In beautiful West Virginia, a lower population density, few natural disasters, and relatively safe driving records keep insurance rates lower than national averages.
Knowing the type of coverage you need and how your West Virginia insurance rates are determined can help you save even more on your premiums.
West Virginia Insurance Rates for Autos
Like every other state, West Virginia requires liability insurance if you want to operate a car legally. Minimums include:
- Bodily Injury: $20,000 per person with a limit of $40,000 per accident
- Property Damage: $10,000
These rates are relatively low and should be used as a starting point for determining your West Virginia insurance rates. In a serious accident, $40,000 won't go far if surgeries and hospitalization are involved. Not only that, but property damage includes vehicles, and in a serious accident, $10,000 can also be used up pretty quickly. Most insurance experts recommend minimums of $100,000/300,000 for bodily injury and $50,000 for property.
Minimums also only cover the other vehicles and passengers involved in the crash, so full protection would ideally include the following as well:
- Uninsured/underinsured. With an uninsured driver rate of nearly a third of the population, this type of coverage is essential though not required.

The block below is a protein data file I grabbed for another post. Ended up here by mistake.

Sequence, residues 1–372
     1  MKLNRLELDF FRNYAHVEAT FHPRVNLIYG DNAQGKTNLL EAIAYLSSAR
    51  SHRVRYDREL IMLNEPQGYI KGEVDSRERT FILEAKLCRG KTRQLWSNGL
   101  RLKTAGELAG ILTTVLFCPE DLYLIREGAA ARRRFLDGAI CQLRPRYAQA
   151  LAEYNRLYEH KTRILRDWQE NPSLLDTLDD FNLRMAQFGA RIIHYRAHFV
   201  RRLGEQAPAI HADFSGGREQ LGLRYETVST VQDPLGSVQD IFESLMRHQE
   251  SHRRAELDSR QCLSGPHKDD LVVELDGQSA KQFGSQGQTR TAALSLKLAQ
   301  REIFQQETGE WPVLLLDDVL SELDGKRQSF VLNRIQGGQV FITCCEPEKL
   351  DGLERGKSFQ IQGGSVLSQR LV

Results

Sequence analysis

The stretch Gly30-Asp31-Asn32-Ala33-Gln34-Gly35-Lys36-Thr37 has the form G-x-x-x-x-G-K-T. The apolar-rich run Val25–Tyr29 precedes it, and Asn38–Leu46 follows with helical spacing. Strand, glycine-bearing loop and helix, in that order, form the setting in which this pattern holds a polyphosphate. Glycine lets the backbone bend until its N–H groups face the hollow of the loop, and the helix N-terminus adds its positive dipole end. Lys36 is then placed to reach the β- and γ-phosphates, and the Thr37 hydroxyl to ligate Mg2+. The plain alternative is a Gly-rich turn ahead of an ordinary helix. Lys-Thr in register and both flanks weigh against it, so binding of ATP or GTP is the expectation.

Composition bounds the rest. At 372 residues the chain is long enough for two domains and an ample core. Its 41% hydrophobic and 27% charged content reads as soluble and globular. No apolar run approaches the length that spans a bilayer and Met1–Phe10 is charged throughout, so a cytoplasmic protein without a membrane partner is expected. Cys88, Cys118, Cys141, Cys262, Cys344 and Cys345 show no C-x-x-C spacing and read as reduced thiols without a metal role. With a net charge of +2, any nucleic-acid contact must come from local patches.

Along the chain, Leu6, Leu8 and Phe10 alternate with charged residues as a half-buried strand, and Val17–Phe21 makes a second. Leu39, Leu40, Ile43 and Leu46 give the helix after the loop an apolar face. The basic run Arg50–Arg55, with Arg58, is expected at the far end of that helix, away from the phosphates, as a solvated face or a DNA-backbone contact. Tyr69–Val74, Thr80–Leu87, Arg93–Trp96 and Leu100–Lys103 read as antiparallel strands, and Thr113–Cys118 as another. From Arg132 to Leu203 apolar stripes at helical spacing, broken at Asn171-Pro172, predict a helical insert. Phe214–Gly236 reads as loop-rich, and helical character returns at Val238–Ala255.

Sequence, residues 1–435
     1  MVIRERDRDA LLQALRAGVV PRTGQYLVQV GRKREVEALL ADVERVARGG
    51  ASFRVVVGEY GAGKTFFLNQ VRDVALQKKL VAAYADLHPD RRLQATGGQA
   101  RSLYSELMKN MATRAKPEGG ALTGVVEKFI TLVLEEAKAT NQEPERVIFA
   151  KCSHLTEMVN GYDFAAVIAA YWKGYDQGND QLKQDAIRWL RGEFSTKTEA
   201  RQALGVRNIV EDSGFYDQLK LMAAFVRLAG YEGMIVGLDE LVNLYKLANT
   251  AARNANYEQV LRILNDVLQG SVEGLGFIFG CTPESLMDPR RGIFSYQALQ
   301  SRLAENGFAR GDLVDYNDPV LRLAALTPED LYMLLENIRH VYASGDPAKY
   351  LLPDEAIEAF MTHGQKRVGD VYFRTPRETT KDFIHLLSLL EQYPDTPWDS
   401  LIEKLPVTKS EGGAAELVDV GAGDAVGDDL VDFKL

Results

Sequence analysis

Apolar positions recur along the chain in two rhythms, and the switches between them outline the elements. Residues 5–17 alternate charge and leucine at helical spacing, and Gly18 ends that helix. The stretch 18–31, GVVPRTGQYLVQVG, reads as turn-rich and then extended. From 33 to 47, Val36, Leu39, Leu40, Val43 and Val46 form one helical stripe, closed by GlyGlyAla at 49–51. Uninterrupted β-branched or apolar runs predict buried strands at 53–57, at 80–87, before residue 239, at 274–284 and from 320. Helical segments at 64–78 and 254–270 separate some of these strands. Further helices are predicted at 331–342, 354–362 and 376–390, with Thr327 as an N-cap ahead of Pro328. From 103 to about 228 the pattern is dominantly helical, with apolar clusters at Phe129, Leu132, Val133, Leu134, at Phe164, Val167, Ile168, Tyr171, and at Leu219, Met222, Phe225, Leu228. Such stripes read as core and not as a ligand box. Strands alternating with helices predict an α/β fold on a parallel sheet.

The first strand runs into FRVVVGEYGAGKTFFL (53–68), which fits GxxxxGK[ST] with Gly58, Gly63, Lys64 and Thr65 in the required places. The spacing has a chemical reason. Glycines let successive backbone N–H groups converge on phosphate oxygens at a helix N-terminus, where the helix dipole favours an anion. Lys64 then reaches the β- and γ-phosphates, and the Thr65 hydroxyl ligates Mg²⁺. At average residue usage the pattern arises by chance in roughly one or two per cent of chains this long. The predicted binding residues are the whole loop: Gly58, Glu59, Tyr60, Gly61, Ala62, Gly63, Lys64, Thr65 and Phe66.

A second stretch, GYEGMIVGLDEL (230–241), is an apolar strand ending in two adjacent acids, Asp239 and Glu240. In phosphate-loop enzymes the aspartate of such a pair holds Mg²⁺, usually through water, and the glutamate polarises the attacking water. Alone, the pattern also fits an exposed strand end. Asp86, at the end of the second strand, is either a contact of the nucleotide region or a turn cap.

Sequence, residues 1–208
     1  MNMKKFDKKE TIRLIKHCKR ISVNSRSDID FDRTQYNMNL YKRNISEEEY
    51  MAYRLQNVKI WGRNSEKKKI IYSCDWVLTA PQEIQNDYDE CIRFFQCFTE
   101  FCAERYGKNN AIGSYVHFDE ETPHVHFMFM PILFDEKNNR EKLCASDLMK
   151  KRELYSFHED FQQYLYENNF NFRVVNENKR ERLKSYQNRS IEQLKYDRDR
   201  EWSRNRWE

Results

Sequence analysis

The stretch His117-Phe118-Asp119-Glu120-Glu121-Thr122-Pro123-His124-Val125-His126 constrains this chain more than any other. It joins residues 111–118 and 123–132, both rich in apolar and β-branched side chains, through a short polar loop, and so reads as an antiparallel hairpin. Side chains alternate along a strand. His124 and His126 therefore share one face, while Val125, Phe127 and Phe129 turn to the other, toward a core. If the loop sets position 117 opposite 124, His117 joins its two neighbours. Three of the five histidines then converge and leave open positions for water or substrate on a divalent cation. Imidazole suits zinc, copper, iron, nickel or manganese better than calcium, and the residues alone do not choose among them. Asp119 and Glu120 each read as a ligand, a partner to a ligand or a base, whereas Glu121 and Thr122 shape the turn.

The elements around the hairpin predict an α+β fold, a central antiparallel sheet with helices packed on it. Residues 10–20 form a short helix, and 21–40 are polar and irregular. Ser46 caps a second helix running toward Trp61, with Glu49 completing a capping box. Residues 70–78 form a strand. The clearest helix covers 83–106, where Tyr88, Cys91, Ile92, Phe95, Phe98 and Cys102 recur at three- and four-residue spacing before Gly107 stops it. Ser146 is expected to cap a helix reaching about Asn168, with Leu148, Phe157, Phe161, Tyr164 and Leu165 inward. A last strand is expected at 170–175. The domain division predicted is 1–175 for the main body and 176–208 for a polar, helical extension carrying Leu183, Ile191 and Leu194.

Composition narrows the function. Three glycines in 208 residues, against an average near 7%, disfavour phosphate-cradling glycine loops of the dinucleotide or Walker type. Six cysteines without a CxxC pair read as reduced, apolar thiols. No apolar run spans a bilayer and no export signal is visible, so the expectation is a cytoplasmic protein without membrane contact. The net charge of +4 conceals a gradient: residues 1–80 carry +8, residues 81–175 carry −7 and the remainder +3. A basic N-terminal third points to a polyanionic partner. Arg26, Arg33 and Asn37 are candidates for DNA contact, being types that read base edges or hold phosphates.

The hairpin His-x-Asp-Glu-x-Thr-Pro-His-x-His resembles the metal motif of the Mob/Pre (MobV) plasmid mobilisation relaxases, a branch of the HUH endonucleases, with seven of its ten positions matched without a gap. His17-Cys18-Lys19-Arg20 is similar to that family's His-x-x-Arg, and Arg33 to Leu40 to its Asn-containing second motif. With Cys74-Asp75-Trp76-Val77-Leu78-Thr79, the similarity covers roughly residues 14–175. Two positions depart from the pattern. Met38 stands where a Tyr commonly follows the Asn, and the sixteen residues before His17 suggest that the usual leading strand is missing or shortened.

- Collision. If you cause an accident, collision insurance covers your own repair or replacement costs.
- Comprehensive. This type of insurance covers damage not related to a collision, like hail, flooding, theft, or broken windows.
West Virginia Insurance Rates for Homes
Lenders require homeowners to carry insurance coverage for their homes. Homeowners in West Virginia pay an average of $650 each month, which is lower than national averages. Basic coverage options to take into account include the following:
- Dwelling and other structures. Your policy should include your home's structure and any attached garages, but make sure it also includes any detached structures, like sheds or barns.
- Contents. Typically, your personal possessions are not covered by your insurance. As a result, you'll want to make sure the contents of your home are insured as well.
- Loss of use. If your home's damages make it unlivable while it is being repaired, loss of use coverage will cover the cost of hotels or other temporary accommodations.
- Flood insurance. If you live in a flood plain or high risk area, you will need to purchase flood insurance separately as it is not included in homeowner insurance policies.
- Personal liability. If someone is injured on your property and sues you, you could be held liable. This coverage protects you if there is a lawsuit against you.
Saving on West Virginia Insurance Rates
Don't make the mistake of assuming all policies cost the same at every company. Shopping around and comparing rates can actually save you hundreds of dollars on your premiums. The easiest way to do this is through LocalInsurance.com. In minutes, you can have a number of West Virginia insurance rates to compare for the best possible prices for free.